Finally, Fulton County should work closely with the state as it focuses on education and skills training to prepare individuals to obtain the best anti-recidivism program — a job.
The mayor’s leadership has been crucial: It reinforces Atlanta’s determination to address crime. Georgia is a nationally recognized leader in criminal justice reform thanks to leadership at the state level. Atlanta should follow the state’s playbook and become a leader among major cities in fighting crime.
Kelly McCutchen is president and CEO of the Georgia Public Policy Foundation.
Atlanta VA responds to needs
By Leslie Wiggins
The Department of Veterans Affairs and the Atlanta VA Medical Center (VAMC) are fully committed to providing timely, high-quality health care to this nation’s heroes, our veterans.
Recently, the Atlanta VAMC has received negative media coverage regarding access to health care, wait times and alleged mismanagement. The numbers and data do not lie, and the Atlanta VAMC must improve its wait times and access for veterans. We have outlined below some of the aggressive actions taken to correct this issue. However, it is important to keep in mind the scope and reach of our services.
We are the seventh fastest-growing VA Medical Center in the nation. In fiscal year 2013, we provided health care for more than 90,000 veterans through over 1.1 million outpatient visits, nearly 7,800 inpatient admissions and greater than 41,000 emergency room visits. For FY 2014, we are projecting to see nearly 93,000 veterans and provide more than 1.5 million outpatient visits. The Atlanta VAMC has experienced a 72-percent growth rate in the number of visits and an increase of 53 percent in the number of veterans treated from fiscal years 2006 to 2013.
The Atlanta VAMC is one of only four VA hospitals and one of only six hospitals in Georgia to have Magnet Designation, which recognizes the provision of exemplary nursing care.
We are proud to have an active and robust research program and the Center for Visual and Neurocognitive Rehabilitation, a VA rehabilitation research and development center of excellence, one of only 16 such centers in the nation.
We have expanded our sites of care over the last few years, opening a new Community Based Outpatient Clinic (CBOC) and Community Living Center in Carrollton and a significantly larger CBOC in Oakwood; expanding our Lawrenceville clinic; and opening on the Fort McPherson campus a new CBOC that will include a women’s center of excellence through a partnership with Morehouse School of Medicine, a domiciliary, and an innovative Community Resource and Recovery Center.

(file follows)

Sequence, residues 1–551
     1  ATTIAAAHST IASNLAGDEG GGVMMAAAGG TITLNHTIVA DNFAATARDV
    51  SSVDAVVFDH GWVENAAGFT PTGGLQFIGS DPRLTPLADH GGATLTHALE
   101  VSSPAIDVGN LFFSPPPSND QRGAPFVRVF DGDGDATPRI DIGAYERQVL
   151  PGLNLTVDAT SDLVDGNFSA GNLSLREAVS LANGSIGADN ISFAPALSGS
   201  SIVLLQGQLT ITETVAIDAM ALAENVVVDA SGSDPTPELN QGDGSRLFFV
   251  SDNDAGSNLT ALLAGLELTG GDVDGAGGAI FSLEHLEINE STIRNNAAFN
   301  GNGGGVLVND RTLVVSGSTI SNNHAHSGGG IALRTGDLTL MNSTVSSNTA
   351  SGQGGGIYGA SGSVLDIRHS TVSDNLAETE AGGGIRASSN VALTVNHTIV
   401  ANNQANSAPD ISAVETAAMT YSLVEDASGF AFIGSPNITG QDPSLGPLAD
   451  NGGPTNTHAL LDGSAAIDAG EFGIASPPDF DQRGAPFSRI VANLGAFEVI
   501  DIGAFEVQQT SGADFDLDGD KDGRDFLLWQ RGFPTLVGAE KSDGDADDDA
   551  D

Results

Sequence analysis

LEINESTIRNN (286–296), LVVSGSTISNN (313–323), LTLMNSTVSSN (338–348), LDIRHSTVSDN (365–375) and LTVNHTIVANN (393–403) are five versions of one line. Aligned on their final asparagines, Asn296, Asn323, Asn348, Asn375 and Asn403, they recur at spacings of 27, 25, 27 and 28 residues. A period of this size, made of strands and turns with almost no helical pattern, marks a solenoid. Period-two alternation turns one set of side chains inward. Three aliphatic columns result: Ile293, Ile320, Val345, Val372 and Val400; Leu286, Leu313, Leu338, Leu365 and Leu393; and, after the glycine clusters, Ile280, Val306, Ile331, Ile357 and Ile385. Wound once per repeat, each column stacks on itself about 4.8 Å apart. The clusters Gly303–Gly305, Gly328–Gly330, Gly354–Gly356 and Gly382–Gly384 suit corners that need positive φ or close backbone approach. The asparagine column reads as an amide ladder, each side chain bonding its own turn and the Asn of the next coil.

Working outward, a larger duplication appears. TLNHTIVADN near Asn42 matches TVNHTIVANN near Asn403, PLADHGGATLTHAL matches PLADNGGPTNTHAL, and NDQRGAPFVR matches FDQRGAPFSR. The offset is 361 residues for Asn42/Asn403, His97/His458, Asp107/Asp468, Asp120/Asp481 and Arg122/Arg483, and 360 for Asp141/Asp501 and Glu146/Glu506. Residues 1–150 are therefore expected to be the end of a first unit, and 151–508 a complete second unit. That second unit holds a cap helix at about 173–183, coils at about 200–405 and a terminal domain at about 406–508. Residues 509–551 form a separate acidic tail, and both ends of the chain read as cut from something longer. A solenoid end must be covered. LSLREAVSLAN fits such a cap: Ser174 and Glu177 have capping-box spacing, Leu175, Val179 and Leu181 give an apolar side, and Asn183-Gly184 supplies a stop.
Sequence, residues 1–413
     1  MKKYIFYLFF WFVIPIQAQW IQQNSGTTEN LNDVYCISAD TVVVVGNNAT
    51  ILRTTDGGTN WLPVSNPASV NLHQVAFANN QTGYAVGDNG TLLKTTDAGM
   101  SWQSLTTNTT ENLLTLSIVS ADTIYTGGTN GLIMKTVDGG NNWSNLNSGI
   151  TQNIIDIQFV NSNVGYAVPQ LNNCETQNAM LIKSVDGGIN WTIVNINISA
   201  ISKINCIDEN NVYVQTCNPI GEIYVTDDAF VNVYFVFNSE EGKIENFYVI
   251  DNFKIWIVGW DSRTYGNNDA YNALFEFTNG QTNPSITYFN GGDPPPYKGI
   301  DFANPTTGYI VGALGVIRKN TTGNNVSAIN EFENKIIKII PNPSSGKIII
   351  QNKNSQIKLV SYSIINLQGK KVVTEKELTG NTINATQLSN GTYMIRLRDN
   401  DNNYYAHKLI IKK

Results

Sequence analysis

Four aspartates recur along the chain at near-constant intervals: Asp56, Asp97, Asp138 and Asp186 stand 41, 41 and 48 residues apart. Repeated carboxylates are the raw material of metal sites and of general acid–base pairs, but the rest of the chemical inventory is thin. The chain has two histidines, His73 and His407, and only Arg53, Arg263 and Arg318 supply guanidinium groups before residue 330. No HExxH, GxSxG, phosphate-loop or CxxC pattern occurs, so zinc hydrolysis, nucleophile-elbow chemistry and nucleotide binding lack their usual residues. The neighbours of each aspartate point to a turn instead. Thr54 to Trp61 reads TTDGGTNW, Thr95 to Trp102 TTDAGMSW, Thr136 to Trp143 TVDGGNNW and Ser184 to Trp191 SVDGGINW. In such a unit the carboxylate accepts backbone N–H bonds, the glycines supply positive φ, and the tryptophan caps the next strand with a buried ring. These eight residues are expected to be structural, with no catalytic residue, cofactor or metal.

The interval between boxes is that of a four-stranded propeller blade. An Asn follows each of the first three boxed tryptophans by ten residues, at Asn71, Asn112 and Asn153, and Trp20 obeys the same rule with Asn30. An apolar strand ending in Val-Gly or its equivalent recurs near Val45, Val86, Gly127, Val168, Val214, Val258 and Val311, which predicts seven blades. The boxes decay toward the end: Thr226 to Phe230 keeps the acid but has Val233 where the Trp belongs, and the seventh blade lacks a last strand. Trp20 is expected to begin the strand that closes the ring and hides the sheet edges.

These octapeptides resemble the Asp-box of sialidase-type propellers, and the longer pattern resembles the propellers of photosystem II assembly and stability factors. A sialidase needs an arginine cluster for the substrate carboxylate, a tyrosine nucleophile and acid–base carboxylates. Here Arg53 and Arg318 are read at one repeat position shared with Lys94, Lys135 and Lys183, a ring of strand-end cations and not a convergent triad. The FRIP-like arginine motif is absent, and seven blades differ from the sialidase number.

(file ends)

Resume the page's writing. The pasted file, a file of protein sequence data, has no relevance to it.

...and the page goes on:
Construction is underway for an expanded clinic in downtown Decatur and at the main campus for primary and mental health care. In addition, we are awaiting congressional approval for a 64,000-square-foot clinic in Cobb County as well as clinics for Pike, Pickens and Newton counties.
We have taken numerous steps to increase access to health care for veterans though Saturday clinics and extended weekday hours for some primary, mental health and specialty care services, increasing the number of appointments available for primary care providers, hiring additional direct patient care staff, and referring dental and ophthalmology patients to community providers if we cannot accommodate their schedule requests.
The Atlanta VAMC is having its service lines contact veterans with appointments scheduled more than 90 days out to see if they would like to be seen sooner. Calls are made daily from 8 a.m. to 8 p.m., and we are making three attempts to reach veterans on the phone before mailing them a certified letter.
We are committed to our veterans and to providing them with the health care and services they have earned and deserve.
Leslie Wiggins is director of the Atlanta VA Medical Center.